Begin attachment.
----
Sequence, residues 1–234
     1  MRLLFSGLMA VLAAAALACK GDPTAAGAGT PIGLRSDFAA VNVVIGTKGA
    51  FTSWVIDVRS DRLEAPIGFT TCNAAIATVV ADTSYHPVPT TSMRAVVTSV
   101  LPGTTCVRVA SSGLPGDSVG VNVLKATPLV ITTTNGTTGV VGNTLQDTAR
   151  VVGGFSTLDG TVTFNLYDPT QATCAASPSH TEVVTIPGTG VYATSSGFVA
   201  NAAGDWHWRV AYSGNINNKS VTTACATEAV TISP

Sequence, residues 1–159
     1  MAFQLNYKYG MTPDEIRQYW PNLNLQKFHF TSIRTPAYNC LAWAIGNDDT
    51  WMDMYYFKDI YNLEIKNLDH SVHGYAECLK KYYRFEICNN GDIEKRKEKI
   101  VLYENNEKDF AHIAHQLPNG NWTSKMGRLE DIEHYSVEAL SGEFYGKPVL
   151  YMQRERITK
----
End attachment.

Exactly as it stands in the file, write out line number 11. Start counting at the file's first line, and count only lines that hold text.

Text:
   151  YMQRERITK